Reducing ICU Length of Stay: the Effect of Tele-ICU


Due to an aging population and improvement in life-sustaining treatments, there is a growing demand for critical care services and innovation. The purpose of this paper is to identify studies and evidence that explore the impact of a tele-ICU system (remote monitoring by advanced practitioners of critical care patients in ICU units using technological innovation) on ICU length of stay in medical-surgical ICUs. Recent studies from 2009 to 2014 were identified through PubMed, CINAHL, Scopus, and Medline online search databases. Three recent primary research studies were selected based on search criteria and the usage of the Philips VISICU tele-ICU system. The primary outcome of ICU length of stay was compared between studies. Secondary outcomes such as ICU mortality, hospital length of stay, and hospital mortality were also examined.


In 2004 and 2009, the Leapfrog Group set the ICU Physician Staffing (IPS) safety standard which argued that care in Intensive Care Units (ICUs) is strongly influenced by whether intensive care specialty physicians, or intensivists, are the primary providers of patient care (Leapfrog Group for Patient Safety, 2008) . A hallmark systematic review determined that high intensity staffing (ICUs where intensivists manage or co-manage all patients) is associated with a 30% reduction in hospital mortality and a 40% reduction in ICU mortality when compared to low intensity staffing (where intensivists manage or co-manage some or none of the patients) (Provonost, 2002).

Despite the evidence from studies and recommendations supporting similar conclusions, hospitals have been limited in their ability to implement intensivist-centric models due to a shortage of intensivist physicians. In addition, the shortage of critical care nurses limit the number of ideal clinicians who are most proficient at implementing evidence-based solutions to improve outcomes in the ICU (Willmitch, Golembeski, Kim, Nelson, & Gidel, 2012). A collaborative report from the U.S. Health Resources and Services Administration (2007) and the American College of Chest Physicians (ACCP) predicts a 1,500-intensivist deficit in the USA by the year 2020 (Goran & Mullen-fortino, 2012). In the United States, more than a third of individuals require ICU level care during their last year of life, accounting for 13.3% of total hospital costs and 13.4% of acute care hospital beds (Winterbottom & Campbell, 2012). One way to alleviate this inequality between supply and demand is to implement tele-ICU to provide around-the-clock access to off-site intensivists and critical care nurses through the use of audio and video links, connecting them to bedside caregivers managing critically ill patients (Khunlertkit & Carayon, 2013; Sadaka et al., 2013).

What is Tele-ICU?

Tele-ICU or Tele-Intensive Care Unit is more broadly defined as a system that utilizes remote monitoring technology to promote the efficient deployment of intensivist and critical care resources. The three studies examined in this article utilized components of Philips VISICU Inc.'s tele-ICU package which consists of the Philips VISICU eCare Manager electronic critical care system, Philips VISICU Smart Alerts, and the Philips VISICU camera system in each individual room. The eCare Manager is the central platform of the Philips VISICU system which has an electronic display of physiologic monitoring and measurements such as blood pressure, pulse oximetry, heart rate, and telemetry. In addition, it includes advanced algorithms to help pick up early warning signs. The Smart Alerts system is a decision support tool that helps detect and advise both in-house and remote clinicians of trends and changes in patients' conditions", (Philips Corporation, 2013).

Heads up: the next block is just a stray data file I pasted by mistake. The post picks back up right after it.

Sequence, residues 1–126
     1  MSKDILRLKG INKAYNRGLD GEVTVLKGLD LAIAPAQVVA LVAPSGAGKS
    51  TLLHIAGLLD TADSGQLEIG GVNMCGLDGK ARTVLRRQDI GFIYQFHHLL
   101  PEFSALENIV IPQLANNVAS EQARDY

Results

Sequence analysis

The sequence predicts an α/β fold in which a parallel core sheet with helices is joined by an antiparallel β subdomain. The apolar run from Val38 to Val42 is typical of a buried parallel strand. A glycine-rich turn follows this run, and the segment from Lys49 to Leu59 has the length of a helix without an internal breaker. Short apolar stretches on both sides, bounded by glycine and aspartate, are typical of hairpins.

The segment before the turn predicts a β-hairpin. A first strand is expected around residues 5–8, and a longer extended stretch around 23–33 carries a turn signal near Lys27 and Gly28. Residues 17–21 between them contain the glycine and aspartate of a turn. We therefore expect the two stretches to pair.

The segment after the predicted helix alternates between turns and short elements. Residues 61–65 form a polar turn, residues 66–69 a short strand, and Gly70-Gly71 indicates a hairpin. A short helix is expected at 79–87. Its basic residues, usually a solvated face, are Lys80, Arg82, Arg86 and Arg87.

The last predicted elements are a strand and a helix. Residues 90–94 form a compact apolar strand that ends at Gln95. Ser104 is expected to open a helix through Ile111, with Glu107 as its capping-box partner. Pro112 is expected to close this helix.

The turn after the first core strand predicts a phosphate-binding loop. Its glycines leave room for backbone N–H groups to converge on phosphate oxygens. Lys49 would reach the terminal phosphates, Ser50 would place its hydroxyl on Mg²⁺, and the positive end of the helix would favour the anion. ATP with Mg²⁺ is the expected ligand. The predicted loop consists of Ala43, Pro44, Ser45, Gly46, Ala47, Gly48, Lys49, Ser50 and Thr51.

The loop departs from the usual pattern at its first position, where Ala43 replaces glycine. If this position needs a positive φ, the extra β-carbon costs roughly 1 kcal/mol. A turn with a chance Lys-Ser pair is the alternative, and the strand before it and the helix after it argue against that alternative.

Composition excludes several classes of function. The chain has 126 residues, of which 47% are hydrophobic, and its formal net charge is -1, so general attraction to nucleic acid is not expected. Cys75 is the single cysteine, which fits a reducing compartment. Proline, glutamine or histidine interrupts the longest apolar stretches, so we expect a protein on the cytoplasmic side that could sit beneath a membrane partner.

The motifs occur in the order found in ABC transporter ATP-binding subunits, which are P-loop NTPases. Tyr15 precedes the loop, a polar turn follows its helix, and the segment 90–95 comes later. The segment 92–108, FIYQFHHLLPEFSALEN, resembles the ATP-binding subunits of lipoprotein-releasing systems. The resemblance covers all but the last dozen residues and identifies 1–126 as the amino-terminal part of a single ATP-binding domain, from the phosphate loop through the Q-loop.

The most common utilization of tele-ICU adopted today is using onsite tools to allow remote critical care experts to continuously monitor and access ICU patient data (Kumar, Merchant, & Reynolds, 2013). Two teams of providers, the ICU staff in the unit and the tele-ICU staff off-site, utilize audio and video equipment that allows both groups to interact and communicate as they continuously monitor critically ill patients. A critical feature of tele-ICU is the ability for clinicians to be involved in a patient's care from admission to discharge. Virtual rounds occur frequently: tele-ICU nurses or physicians review patient specific data including lab findings, vital signs, radiology imaging, current medications, and clinical documentation and assessments (Goran & Mullen-fortino, 2012). The system integrates real-time access to bedside and clinical patient information, an alert system that detects changes in the patient's condition, and an online clinical decision support tool, allowing for another set of experienced eyes to ensure an appropriate plan of care.